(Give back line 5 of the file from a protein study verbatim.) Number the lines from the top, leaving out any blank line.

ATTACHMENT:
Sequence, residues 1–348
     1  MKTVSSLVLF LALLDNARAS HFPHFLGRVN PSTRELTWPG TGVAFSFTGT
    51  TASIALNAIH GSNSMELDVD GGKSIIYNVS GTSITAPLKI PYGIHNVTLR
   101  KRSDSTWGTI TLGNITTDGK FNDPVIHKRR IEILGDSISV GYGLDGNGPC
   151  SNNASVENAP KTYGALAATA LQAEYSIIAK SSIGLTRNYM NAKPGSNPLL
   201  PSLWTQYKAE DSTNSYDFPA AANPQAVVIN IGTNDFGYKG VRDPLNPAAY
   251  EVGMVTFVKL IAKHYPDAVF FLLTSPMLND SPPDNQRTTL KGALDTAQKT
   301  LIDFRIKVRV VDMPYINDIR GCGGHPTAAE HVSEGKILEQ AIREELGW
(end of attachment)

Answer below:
   151  SNNASVENAP KTYGALAATA LQAEYSIIAK SSIGLTRNYM NAKPGSNPLL